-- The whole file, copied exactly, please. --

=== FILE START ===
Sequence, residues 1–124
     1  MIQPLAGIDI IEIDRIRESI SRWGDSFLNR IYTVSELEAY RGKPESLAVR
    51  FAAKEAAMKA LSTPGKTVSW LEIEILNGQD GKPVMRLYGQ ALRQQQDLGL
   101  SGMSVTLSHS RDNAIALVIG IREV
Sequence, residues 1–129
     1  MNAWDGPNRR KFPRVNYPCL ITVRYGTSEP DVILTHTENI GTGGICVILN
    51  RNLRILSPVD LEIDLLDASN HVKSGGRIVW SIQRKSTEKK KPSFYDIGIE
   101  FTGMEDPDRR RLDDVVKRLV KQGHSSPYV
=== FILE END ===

Sequence, residues 1–124
     1  MIQPLAGIDI IEIDRIRESI SRWGDSFLNR IYTVSELEAY RGKPESLAVR
    51  FAAKEAAMKA LSTPGKTVSW LEIEILNGQD GKPVMRLYGQ ALRQQQDLGL
   101  SGMSVTLSHS RDNAIALVIG IREV
Sequence, residues 1–129
     1  MNAWDGPNRR KFPRVNYPCL ITVRYGTSEP DVILTHTENI GTGGICVILN
    51  RNLRILSPVD LEIDLLDASN HVKSGGRIVW SIQRKSTEKK KPSFYDIGIE
   101  FTGMEDPDRR RLDDVVKRLV KQGHSSPYV